Legal proceedings against former de facto government officials begin in Bolivia

The newly elected MAS government has opened investigations against several former officials of the de facto government for their role in crimes committed during their one year tenure after the coup détat ágainst former president Evo Morales

November 28, 2020 by Peoples Dispatch
Former ministers of the de-facto government: Arturo Murillo, Fernando Lopez, Victor Zamora and Javier Issa (from left to right)

With the restoration of democracy in Bolivia, the process to seek justice for the numerous crimes committed by former ministers and officials of the coup-installed government has begun in the country. The newly elected government of president Luis Arce and vice-president David Choquehuanca of the Movement Towards Socialism (MAS) party has opened investigations against several former officials for their role in various corruption cases, massacres, incidents of violence and human right violations committed during their one year in office.

Some former officials have been arrested, while some have fled the country. The president of the de facto government, Jeanine Áñez, who has not yet been questioned by the authorities, also tried to escape Bolivia on November 23. However, she was prevented from boarding a plane by a group of representatives of various social organizations at the Jorge Henrich Arauz airport in the Trinidad city in the Beni department.

Áñez faces a liability trial related to the massacres in Sacaba and Senkata as well as other incidents of violent police and military repression carried out on her orders against protesters mobilizing in rejection of the coup d’état against former president Evo Morales. According to the Inter-American Commission on Human Rights (IACHR), 36 people lost their lives in different regions of the country during various violent repression operations by security forces after the coup.

On November 23, a group of independent experts from the IACHR arrived in Bolivia to investigate all the incidents of violence committed under Áñez’s rule. The next day, on November 24, the commander of the Cochabamba Military Garrison, General Alfredo Cuellar, was arrested in connection with the massacre in Sacaba city. He has been charged with the crime of murder.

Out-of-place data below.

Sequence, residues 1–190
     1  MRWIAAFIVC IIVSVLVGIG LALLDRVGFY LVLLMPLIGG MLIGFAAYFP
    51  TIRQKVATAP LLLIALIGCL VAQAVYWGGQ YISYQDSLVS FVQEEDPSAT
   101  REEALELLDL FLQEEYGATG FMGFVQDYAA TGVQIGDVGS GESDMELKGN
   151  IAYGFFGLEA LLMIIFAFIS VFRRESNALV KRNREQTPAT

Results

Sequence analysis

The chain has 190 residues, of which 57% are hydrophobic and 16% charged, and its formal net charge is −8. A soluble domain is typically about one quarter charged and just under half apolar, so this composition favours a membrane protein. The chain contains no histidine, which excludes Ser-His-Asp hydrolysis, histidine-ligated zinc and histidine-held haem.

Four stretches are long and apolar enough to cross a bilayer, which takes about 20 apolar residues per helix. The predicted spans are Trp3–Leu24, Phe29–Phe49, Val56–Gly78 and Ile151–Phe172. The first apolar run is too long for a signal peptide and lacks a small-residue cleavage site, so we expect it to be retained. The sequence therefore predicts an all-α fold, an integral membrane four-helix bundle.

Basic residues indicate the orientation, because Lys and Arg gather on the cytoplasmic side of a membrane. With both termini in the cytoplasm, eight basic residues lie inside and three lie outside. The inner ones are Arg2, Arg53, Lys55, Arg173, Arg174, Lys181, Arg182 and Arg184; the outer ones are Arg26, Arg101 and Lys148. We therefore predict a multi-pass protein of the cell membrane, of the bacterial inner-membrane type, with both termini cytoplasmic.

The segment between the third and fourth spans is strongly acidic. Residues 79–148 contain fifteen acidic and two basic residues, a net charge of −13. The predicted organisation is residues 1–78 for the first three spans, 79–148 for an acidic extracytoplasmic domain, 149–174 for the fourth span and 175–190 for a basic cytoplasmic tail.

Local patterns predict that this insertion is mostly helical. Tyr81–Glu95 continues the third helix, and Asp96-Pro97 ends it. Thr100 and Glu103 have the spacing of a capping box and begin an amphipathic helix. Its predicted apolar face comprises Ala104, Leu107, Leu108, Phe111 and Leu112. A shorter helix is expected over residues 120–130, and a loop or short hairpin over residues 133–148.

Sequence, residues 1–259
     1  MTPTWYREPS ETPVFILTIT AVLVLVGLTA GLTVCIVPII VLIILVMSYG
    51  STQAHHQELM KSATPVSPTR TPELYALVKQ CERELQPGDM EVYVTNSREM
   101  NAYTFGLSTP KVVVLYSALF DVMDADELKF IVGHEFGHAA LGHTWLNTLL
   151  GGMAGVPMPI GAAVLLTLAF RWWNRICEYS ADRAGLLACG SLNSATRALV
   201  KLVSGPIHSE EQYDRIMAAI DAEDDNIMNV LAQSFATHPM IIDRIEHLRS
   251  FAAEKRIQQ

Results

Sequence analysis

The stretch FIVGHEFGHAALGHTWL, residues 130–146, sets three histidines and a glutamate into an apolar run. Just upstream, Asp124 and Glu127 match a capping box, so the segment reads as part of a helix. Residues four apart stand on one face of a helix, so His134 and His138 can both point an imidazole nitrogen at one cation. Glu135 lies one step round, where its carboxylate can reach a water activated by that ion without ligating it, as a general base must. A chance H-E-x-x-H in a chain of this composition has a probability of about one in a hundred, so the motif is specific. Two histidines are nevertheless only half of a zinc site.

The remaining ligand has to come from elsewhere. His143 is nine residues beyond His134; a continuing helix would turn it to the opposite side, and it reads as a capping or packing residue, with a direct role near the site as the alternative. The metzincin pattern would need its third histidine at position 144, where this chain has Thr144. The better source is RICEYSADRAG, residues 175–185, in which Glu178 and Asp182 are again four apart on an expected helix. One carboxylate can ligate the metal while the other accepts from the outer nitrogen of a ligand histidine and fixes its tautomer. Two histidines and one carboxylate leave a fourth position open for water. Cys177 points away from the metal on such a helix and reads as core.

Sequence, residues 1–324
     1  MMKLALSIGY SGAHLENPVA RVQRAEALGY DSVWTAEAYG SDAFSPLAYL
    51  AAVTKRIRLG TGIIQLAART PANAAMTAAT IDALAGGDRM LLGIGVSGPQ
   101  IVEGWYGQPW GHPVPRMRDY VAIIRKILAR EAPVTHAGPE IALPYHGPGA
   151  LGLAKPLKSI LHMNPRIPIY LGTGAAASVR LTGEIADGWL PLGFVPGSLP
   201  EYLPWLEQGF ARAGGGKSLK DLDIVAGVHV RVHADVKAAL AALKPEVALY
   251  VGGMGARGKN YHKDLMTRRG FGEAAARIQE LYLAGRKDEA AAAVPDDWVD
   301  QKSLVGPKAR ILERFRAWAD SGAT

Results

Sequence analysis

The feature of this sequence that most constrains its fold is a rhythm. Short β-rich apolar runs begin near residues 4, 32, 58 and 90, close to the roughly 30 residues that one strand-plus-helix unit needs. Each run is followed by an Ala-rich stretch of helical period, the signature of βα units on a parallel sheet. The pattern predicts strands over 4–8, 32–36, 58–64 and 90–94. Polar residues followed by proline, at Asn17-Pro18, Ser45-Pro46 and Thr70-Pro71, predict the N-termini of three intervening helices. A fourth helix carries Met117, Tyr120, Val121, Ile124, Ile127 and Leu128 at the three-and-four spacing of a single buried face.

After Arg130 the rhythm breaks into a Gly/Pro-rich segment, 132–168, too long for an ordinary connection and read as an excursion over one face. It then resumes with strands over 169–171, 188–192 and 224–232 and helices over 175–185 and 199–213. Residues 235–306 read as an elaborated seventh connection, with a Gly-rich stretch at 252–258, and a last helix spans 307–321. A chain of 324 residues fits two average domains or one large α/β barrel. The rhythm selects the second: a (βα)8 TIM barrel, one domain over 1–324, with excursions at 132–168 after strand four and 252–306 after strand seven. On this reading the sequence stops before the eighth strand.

Additionally, the same day as Áñez tried to run away, the Prosecutor’s Office issued arrest warrants against former oil minister Victor Zamora and former immigration director Marcel Rivas for various crimes.

Former oil minister Zamora is under investigation for the crimes of abuse of power, breach of duties, corruption and unconstitutional resolutions. He allegedly committed these crimes during the lockdown period due to COVID-19 pandemic, when he was in charge of the state-owned oil company, the Yacimientos Petrolíferos Fiscales Bolivianos (YPFB).

According to the national police, Zamora’s whereabouts are unknown. He has not been located at his declared legal address nor at his parents’ home. The Prosecutor’s Office has requested information from the immigration department about his possible flight.

Former immigration director Rivas has been arrested and is being investigated for the crimes of inappropriate use of influence, concealment, breach of duties and political persecution. He has been accused of facilitating the escape of former government and defense ministers as well as of using the institution for “political purposes” and illegally issuing over 495 immigration alerts against the officials, politicians, journalists, diplomats and businessmen considered close allies of the ousted president Morales and opponents of the Áñez’s regime.

Last week, on November 16, arrest warrants were issued against former government minister Arturo Murillo and former defense minister Fernando López in the “tear gas” case, related to the purchase of the non-lethal chemical weapons from a Brazilian company, Condor, at an inflated price for the national police. They are accused of misuse of power and of having purchased 50,000 units of long-range and triple-action projectiles with a surcharge of over 2 million USD.

On November 17, the general commander of the police, Jhonny Aguilera, reported that both the officials had fled the country. He stated that Murillo and López escaped to Brazil on November 5, three days before the rule of the de facto government ended. From Brazil, Murillo fled to Panama on November 9. Three officials of the immigration department, in addition to Rivas, have been arrested for allowing the escape of fugitives, on whom an immigration alert was already weighing.

According to the recent police investigations, Murillo and former vice-minister of interior Javier Issa are now in the United States, and López remains in Brazil.

Issa is accused of having participated in the theft and supposed burning of the military service book of former president Morales. In this case, the former director of the Special Force for the Fight Against Crime (FELCC), Iván Rojas, has also been detained.